AIPAC Unleashes Partisan Schism On Iran

Could Differences Between Netanyahu and Obama Shape Vote?

Split in November? Will the differences between Benjamin Netanyahu and Barack Obama over Iran play an outsized role in the November election? The partisan sparring at the AIPAC conference leads one to think so.
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Split in November? Will the differences between Benjamin Netanyahu and Barack Obama over Iran play an outsized role in the November election? The partisan sparring at the AIPAC conference leads one to think so.

By Nathan Guttman

Published March 08, 2012, issue of March 16, 2012.

As delegates headed home from the annual conference of Washington’s major pro-Israel lobby, a perceived gap between Israeli Prime Minister Benjamin Netanyahu and President Obama on how to handle Iran looked set to become a partisan chasm between Republicans and Democrats.

The American Israel Public Affairs Committee’s gathering, which took place in early March, featured Republican presidential candidates avidly attacking Obama for being out of sync with the Israeli leader. The candidates used the opportunity to distinguish their foreign policy approach from the president’s, but also as a bid for support from the powerful pro-Israel community. And this promised to make Netanyahu, for all his protestations, a central player in this year’s presidential election.

Aides to the Israeli prime minister told the Forward that Netanyahu himself had no intention of turning Iran into an internal political issue in the United States. They pointed to his repeated praise of Obama’s commitment to preventing Iran from becoming nuclear. Netanyahu also made sure not to meet with Republican presidential candidates while in Washington.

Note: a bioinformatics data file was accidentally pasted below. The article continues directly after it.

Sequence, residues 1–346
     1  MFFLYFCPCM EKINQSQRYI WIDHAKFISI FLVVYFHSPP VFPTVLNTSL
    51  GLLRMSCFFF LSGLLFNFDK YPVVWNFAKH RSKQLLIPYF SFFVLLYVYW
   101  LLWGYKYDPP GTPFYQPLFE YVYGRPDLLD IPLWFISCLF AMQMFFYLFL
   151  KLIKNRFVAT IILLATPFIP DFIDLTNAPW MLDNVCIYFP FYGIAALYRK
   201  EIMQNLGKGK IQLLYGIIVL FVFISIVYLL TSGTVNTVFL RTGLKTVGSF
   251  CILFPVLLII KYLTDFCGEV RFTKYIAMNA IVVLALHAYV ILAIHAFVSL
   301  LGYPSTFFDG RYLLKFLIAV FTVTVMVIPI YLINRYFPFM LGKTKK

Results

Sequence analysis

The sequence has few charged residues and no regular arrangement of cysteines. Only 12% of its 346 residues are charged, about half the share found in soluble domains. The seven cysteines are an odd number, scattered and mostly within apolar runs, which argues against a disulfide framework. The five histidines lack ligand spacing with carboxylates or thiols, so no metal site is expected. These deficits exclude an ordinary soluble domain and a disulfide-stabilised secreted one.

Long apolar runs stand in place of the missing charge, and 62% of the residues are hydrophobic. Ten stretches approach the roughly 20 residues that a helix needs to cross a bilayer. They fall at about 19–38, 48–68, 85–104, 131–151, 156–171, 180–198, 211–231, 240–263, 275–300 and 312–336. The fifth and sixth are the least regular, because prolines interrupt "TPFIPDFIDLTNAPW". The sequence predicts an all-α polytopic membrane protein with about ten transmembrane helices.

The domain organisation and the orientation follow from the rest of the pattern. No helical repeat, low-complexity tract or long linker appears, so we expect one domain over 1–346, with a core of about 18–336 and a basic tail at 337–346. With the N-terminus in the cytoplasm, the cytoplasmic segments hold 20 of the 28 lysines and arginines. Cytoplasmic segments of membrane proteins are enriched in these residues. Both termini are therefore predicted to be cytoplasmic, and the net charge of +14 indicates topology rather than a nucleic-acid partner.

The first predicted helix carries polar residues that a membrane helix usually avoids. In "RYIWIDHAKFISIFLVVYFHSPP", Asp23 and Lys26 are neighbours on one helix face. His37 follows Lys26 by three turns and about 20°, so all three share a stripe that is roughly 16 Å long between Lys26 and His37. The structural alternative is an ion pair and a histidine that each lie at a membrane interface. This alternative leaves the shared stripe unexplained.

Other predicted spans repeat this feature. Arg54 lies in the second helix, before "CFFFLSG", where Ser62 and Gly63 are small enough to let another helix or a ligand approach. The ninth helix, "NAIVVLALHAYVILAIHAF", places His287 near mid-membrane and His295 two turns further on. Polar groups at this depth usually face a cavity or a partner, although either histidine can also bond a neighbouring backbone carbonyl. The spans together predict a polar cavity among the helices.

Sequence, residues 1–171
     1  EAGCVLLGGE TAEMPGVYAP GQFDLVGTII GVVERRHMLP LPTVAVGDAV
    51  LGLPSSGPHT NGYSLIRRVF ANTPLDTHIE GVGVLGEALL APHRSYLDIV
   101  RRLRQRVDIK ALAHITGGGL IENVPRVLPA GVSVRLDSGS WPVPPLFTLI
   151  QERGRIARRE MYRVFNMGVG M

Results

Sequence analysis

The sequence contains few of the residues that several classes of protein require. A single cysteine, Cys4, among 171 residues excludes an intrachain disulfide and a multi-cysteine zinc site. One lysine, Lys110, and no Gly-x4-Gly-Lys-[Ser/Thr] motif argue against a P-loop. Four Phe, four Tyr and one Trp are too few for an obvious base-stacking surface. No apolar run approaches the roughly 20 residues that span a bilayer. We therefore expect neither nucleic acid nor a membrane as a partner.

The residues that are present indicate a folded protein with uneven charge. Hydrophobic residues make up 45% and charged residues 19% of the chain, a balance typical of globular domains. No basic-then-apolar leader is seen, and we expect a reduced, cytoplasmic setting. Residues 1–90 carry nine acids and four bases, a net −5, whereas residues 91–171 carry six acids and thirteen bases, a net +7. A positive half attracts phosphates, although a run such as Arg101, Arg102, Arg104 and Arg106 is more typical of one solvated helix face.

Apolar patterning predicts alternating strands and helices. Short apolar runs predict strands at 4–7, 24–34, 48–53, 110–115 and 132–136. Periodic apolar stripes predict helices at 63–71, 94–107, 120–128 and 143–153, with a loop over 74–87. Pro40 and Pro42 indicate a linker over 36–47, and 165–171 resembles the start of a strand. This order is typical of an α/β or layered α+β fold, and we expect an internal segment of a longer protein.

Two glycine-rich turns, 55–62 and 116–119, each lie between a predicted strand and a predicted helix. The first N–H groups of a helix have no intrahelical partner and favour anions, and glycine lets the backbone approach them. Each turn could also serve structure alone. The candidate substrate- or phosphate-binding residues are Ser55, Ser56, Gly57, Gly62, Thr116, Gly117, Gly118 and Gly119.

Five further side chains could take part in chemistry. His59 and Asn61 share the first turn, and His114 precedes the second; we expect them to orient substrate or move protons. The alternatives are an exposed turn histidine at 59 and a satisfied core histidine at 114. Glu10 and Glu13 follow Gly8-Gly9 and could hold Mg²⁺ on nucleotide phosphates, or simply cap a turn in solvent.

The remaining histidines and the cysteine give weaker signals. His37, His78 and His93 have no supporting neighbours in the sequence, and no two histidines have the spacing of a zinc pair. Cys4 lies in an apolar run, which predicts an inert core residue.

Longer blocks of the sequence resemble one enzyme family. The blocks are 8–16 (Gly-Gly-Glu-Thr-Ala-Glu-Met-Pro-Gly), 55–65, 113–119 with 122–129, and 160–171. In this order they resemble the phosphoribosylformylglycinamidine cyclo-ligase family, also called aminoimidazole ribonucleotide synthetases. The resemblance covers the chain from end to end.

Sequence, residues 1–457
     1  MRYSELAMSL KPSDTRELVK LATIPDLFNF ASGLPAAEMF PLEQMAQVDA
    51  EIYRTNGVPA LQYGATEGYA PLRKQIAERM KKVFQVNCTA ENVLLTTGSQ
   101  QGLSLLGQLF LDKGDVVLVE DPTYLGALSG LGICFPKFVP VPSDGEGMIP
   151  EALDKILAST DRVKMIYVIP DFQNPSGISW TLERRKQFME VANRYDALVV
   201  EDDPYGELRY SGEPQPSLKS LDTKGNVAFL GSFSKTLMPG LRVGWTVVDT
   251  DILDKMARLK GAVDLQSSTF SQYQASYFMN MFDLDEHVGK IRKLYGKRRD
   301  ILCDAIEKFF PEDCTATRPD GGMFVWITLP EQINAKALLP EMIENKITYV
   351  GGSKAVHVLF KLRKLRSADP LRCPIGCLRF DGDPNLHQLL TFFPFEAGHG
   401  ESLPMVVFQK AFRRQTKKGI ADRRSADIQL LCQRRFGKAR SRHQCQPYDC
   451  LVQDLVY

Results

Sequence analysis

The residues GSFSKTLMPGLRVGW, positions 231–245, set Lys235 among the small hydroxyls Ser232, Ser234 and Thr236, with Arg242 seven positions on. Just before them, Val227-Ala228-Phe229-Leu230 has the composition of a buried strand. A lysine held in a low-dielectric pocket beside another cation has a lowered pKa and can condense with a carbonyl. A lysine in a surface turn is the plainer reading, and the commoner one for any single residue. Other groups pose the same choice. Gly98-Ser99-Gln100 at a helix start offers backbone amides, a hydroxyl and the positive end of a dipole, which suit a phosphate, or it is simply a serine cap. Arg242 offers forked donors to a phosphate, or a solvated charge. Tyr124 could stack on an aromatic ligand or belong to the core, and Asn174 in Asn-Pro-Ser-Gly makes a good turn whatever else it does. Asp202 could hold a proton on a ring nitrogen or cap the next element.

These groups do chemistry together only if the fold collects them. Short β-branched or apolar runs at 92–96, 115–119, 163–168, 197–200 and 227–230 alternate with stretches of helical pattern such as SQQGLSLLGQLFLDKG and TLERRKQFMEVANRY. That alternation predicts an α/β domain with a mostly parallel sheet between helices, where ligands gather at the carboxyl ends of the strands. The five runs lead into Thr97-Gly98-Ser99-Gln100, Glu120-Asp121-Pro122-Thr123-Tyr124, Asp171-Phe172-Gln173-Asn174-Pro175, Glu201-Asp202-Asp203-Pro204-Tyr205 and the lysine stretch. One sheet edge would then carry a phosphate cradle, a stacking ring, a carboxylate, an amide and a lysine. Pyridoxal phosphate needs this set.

Nevertheless, the question of whether diplomacy is still possible to confront Iran’s drive to develop its nuclear program divides Obama and Netanyahu. And Republicans see a potential wedge issue in the Israeli prime minister’s lack of response to the president’s insistence on more time.

The Republican front-runner, Mitt Romney, demanded a “no gap” policy between Israel and the United States in their approach toward Iran, which Western countries charge is seeking to use its program to obtain nuclear weapons. (Iran denies the charge.) Democrats rejected the notion that anything divides the two leaders. “I don’t see any gap,” Senator Chuck Schumer of New York said. “The president and the prime minister are closer on Iran than they’ve ever been.”

Any attempt to exclude Iran from election-year politicking at the AIPAC conference was doomed to fail, as tough rhetoric and threats of military action won applause from many in the 13,000-delegate crowd. Meanwhile, calls for restraint met a polite response at best.

“We do a disservice to the security of our nation and Israel if we succumb to those who would use Israel to divide us for partisan gain,” said Democrat Carl Levin, chair of the Senate Armed Services committee, in his March 6 address to the conference. But the audience had only a few minutes to dwell on Levin’s warning before presidential candidate Rick Santorum took to the stage with a scathing attack on Obama’s policy toward Israel and Iran. “Listening to the prime minister’s speech last night and then listening to the president’s, there is a clear and unfortunate tragic disconnect between how the leaders of the country of Israel and the country of the United States view the exigency of this situation,” Santorum said. Fellow candidates Romney and Newt Gingrich followed a similar line of attack.



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